Opportunities in global infrastructure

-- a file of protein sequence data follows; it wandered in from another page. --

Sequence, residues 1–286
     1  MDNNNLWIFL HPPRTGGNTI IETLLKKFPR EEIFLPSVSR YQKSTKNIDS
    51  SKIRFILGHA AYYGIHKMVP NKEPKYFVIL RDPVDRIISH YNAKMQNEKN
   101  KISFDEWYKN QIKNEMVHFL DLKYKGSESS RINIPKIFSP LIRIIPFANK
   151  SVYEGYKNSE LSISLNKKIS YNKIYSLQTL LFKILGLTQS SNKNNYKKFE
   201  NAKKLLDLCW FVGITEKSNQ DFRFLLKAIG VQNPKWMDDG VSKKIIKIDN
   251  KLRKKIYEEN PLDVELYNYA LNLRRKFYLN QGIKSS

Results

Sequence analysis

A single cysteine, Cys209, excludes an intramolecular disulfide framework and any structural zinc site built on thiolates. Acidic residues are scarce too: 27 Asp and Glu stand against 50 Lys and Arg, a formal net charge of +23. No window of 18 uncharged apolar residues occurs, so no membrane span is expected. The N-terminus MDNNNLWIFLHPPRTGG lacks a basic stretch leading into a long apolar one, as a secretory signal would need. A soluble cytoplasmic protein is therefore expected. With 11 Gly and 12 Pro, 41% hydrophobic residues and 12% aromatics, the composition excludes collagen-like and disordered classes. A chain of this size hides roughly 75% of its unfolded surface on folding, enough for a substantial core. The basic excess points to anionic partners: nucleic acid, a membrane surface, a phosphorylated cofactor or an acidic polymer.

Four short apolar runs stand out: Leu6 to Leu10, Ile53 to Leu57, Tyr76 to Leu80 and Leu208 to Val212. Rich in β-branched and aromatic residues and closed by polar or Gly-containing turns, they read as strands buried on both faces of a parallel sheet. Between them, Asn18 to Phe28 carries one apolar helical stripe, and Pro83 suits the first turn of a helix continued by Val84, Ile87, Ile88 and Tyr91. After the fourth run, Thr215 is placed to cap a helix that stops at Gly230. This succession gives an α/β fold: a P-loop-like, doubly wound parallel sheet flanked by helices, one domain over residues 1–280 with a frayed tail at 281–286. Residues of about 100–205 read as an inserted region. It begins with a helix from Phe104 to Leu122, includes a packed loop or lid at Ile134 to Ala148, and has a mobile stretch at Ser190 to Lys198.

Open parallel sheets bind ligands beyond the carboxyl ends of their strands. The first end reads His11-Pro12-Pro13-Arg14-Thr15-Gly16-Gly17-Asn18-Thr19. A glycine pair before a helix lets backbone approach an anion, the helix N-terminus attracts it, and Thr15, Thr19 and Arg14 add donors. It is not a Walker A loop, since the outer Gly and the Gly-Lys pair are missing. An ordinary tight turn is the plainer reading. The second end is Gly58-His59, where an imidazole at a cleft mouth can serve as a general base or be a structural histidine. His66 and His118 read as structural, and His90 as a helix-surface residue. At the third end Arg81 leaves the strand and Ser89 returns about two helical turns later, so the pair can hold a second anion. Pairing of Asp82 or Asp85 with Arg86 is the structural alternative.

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<p><strong>Lex Hall: </strong>The opportunity for global-listed infrastructure investment over the coming decades is huge. Infrastructure is getting old. The population is growing and global decarbonization goals will require huge spending. With me today to discuss that is Sarah Shaw. She oversees 4D Infrastructure's Global Infrastructure Fund.</p> <p>Sarah, welcome to Morningstar.</p> <p><strong>Sarah Shaw: </strong>Thanks very much for having me.</p> <p><strong>Hall: </strong>It's a pleasure. You say infrastructure is a means of opportunity for the COVID recovery. What, why and where are you seeing such opportunities?</p> <p><strong>Shaw: </strong>Yeah, sure. Look, I think the infrastructure thematic pre-COVID was very, very strong. And I think you mentioned those points, that global need for infrastructure, whether it's driven by replacement spend, whether it's driven by population growth, the emergence of the middle-class or that energy transition.</p> <p>Now, what we've seen is that COVID-19 has not derailed that thematic at all. If anything, it's enhanced it. And what do I mean by that is this much needed infrastructure spend is now being fast tracked as a result of government stimulus programs as they look to actually see their economies recover and come out of the COVID-19 pandemic. With government balance sheets already stretched as a result of the social policies they've put in place, they're going to rely more and more on private sector capital to get that needed infrastructure done, which is great for us as listed infrastructure investors. And then, the final, I guess, the perfect storm comes about because interest rates are lower for longer or anticipated to be lower for longer.</p> <p><strong>Hall: </strong>OK. So, we are talking about things like roads and airports and utilities, things like that?</p> <p><strong>Shaw: </strong>Absolutely. Look, I think, everything is going to benefit from stimulus and we are seeing road programs, we are seeing utility programs and the big one clearly has been the energy transition or increasing that green energy, sustainable environmental strategies around the world. And a lot of stimulus programs are focusing in on that. So, that's a real boost to utility investment programs. But the other assets that the user pays, the toll roads, the airports, the port, the rail, they are not missing out because any infrastructure investment creates that demand and shifting of goods around the economies and just gets that overall economic activity moving. So, they are all going to benefit.</p> <p><strong>Hall: </strong>OK. Just on that, because we all remember the scenes of empty roads and so on during periods of confinement and lockdowns, which is still sort of hanging around in Europe. France is, for example, celebrating the fact that it can have an outdoor meal. Are you as&mdash; an infrastructure fund manager, are you worried about further disruptions and things like that? What sort of effect does that have on you?</p> <p><strong>Shaw: </strong>Yeah. Absolutely. Look, we've got to remember that infrastructure assets are long dated assets. So, a 12-month disruption or even a two-year disruption, which is definitely what we saw in 2020, it's difficult for that year, and it does have a really direct harsh impact on earnings, because these are largely fixed cost businesses. So, 2020 was pretty ugly for all of those that have a volume link, so the toll roads, the airports, the ports and rail. But when you are looking very long-dated assets, we do anticipate recovery and we think that the market corrected much more than it should have. So, yes, there was a valuation impact, no question, and further disruption, third, fourth, fifth wave of COVID where we see increasing restrictions, that will cause ongoing disruption. But these assets are very resilient. They recover very quickly. They are very long dated. And structure of their concessions or their regulatory models in a lot of cases will correct as well going forward. They may not recover what we've lost, but that's certainly been priced into these assets now and going forward, we'll see that that recovery come through.</p> <p><strong>Hall: </strong>I noticed, Sarah, your six-month outperformance was 10 per cent. Is that the recovery that you're&hellip;?</p> <p><strong>Shaw: </strong>Yeah, it really is. So, I think it's&mdash;we are a big advocate of active management within infrastructure. So, just to put this and explain that 10 per cent, there's two very distinct sub-sectors within infrastructure. One is what we call our regulated utilities or our essential services. These were the assets you really wanted to be exposed to in the worst of the COVID pandemic lockdown in mid last year. On the other hand, we have what we call user pay assets, so your toll roads, your airports, your port and your rail, which you mentioned, had a horrible experience during those lockdown periods, because their volumes are directly correlated to GDP and their tariffs are directly correlated to inflation. Now, these are the assets that you want to be active&mdash;you're positioned in for the recovery phase. So, when we are reopening economies, when all that pent-up consumption is coming back to the market. So, for us, we actively manage between those two sub-sectors. And sort of in September, October last year when we saw signs that the vaccine was coming or imminent, we reallocated to an overweight to those oversold user pay assets such as airports, ports, rail and road.</p> <p><strong>Hall: </strong>There was a slight period of underperformance, I think, over the past two years, perhaps. What do you put that down to, because to me on paper it sounds great for global infrastructure? Sounds like a win-win kind of thing. But what sort of things can lead to poor performance?</p> <p><strong>Shaw: </strong>Yeah. Look, it was a really difficult 2020 and a very frustrating 2020 for an infrastructure investor because we are in equity and we were caught up in the March 2020 sell-off, okay? It was an indiscriminate sell-off and we were caught up in that. However, unfortunately, we did not participate in the cyclical market bounce that immediately followed that. And what we saw is that 2020, and this is infrastructure of the asset class and 4D included in that, is that we ended 2020 with the infrastructure indices down about 15 per cent to 20 per cent, whereas the MSCI World ended up 5 per cent. So, in what was a very difficult year, there was a strong recovery in general equities whereas infrastructure underperformed, and that was really not justified because the fundamentals of the asset class did exactly what they should have, and that's give you defensive earnings. And that's something that you have to deal with when you are an equity market investor and we just have to position for the long-term quality and value opportunity and wait for the market to catch up with us, which is what's been happening.</p> <p><strong>Hall: </strong>Sure. Okay. We'll look at a few individual stocks in another video, but let's touch on a couple of themes at the moment. The IMF predicts that China will drive economic growth. I think everybody sort of agrees on that by now. How are you capitalizing on that? I noticed that you've got Shenzhen International. What are the names and sectors are you considering there?</p> <p><strong>Shaw: </strong>Yeah. So, look, we think the emergence of the middle class in the developing economies wherever they may be, and clearly China is leading that, is an amazing thematic. Now, if you think about it, it's just a general thematic. As your wealth improves and you become sort of into that middle-class segment, how does that change your consumption? It starts with three meals a day, moves to things like I want clean water; I want indoor plumbing; I want electricity and gas for cooking and heating. That's infrastructure. The time once you get that, then you want white goods. I want the TV; I want the fridge. That's logistics change and it's more infrastructure usage. Over time it develops, and you want a scooter, or you want a car. So, you need quality roads to move about on and that creates further economic growth. So, what you can see there is infrastructure is one of the first beneficiaries and a huge driver of the emergence of the middle-class being led by someone like China.</p> <p><strong>Hall: </strong>OK. Well, that's very nicely put actually. It's a good way of thinking about it. And the other final thing that we should discuss, Sarah, is what's happening in America. What sort of moves are you making in light of the Biden administration's US$2.25 trillion infrastructure plan?</p> <p><strong>Shaw: </strong>Yeah. Look, it sounds fantastic on paper and I've called it internally the pot of gold at the end of the rainbow because I can't really see the investment proposition for us here right now. One of the big things about the US and their infrastructure program is how they are going to pay for it and who is going to pay for it. And to-date, the American government have chosen to want to control that and facilitate that. The one area that we have been investing in for many years, which is more like a state-led program, is the renewable energy or the energy transition movement in the US Now, as I said, that's largely driven at the state level. So, that's where sort of we're really capitalising on that for those programs. Whereas this over $2 trillion program at the moment, I look at where it's going, and I don't see too much of that or where that's going to come into private sector hands.</p> <p><strong>Hall: </strong>Sarah Shaw, we will talk about a few individual stocks in a subsequent video. But for now, thank you very much for your insights today.</p> <p><strong>Shaw: </strong>Thanks very much for having me.</p>